- It is one of the other canonical epistles such at the Letter to Philemon or the Epistle to the Hebrews.
At present, whether the letter is extant under another name or was lost prior to the formation of the canon, is unresolved.
The Laodicean Church in the Revelation of John (Revelation 3:14–22)
In John's vision, recorded in the book of Book of Revelation, Christ instructs John to write a message to the seven churches of Asia Minor. The message to Laodicea is one of judgement with a call to repentance. The oracle contains a number of metaphors.
"I wish that you were cold or hot" (Revelation 3:15–16)
"I know thy works, that thou art neither cold nor hot: I would thou wert cold or hot. So then because thou art lukewarm, and neither cold nor hot, I will spue thee out of my mouth." (KJV).
The traditional view has been that the Laodiceans were being criticized for their neutrality or lack of zeal (hence "lukewarm"). One problem with this is that Christ’s desire that they be either “cold or hot” implies that both extremes are positive. The traditional view saw “cold” as a negative, the idea apparently being that Jesus either wants the readers to be either zealous (“hot”) for him or completely uncommitted (“cold”), but not middle-of-the-road.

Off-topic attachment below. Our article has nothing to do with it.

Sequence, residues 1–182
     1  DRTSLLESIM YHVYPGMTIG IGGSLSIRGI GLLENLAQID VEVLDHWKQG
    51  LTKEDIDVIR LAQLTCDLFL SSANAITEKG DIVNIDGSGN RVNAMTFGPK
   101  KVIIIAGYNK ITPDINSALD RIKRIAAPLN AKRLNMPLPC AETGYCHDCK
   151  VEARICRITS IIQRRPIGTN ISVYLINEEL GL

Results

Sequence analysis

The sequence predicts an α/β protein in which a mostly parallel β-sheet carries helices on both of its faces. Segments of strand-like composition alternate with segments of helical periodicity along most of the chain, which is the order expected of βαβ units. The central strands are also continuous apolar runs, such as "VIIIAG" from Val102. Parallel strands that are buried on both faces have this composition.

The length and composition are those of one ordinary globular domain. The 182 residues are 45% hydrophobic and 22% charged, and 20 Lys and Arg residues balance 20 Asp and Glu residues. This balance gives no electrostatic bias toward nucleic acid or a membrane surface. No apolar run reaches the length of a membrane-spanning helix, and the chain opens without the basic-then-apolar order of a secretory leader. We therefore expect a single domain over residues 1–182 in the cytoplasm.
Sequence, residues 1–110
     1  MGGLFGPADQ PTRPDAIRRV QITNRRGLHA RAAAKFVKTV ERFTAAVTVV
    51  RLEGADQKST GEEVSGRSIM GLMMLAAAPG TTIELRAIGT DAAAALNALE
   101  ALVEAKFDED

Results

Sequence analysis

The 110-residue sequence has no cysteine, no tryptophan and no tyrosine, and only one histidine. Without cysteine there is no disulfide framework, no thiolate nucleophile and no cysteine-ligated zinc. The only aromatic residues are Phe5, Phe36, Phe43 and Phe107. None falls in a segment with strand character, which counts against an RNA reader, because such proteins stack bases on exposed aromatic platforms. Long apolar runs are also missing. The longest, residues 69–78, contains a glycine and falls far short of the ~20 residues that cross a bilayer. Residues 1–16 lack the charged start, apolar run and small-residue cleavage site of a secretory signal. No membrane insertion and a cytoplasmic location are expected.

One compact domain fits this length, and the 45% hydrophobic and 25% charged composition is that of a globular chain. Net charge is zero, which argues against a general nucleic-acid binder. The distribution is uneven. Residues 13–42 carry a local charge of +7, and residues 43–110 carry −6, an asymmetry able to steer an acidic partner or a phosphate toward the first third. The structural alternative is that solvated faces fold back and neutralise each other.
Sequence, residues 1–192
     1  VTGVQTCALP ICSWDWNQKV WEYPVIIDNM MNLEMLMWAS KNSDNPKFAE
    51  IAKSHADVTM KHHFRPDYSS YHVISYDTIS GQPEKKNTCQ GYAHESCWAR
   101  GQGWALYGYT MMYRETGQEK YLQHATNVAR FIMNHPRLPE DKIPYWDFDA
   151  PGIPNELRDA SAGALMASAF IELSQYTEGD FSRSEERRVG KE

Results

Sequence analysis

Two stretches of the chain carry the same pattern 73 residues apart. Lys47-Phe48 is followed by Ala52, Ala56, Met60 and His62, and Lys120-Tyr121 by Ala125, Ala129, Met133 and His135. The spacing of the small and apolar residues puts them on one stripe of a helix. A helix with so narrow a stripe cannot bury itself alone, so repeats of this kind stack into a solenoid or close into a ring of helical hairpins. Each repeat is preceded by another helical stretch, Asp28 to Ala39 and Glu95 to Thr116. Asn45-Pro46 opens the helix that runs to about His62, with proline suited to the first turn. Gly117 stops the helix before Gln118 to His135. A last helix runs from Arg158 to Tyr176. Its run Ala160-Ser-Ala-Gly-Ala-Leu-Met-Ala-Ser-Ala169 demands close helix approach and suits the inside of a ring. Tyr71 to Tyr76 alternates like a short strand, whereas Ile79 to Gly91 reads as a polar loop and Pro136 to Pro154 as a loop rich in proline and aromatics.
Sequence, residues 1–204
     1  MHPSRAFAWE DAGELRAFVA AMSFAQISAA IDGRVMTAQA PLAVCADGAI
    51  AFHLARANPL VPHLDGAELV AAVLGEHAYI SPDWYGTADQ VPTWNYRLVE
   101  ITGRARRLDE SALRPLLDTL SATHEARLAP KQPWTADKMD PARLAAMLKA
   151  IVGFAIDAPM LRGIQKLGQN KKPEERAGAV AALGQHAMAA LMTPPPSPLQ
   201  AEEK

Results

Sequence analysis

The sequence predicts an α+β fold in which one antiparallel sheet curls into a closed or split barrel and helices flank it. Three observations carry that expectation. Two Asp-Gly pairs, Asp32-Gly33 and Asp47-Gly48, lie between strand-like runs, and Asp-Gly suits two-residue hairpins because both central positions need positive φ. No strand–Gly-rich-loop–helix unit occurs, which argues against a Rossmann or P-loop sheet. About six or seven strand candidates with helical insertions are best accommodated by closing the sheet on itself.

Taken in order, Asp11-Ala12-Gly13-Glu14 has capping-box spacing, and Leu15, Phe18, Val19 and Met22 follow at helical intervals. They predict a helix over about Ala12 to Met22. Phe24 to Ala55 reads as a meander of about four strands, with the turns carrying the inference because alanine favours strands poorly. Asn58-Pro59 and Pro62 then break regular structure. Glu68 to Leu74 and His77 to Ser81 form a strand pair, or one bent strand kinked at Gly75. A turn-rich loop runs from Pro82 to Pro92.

However, a more recent interpretation has suggested that this metaphor has been drawn from the water supply of the city, which was lukewarm, in contrast to the hot springs at nearby Hierapolis and the cold, pure waters of Colossae. The archaeology shows Laodicea had an aqueduct that probably carried water from hot mineral springs some five miles south, which would have become tepid before entering the city (see main Laodicea article). The imagery of the Laodicean aqueduct suggests not that "hot" is good and "cold" is bad, but that both hot and cold water are useful, whereas lukewarm water is emetic.
"Poor, blind, and naked" (3:17–18)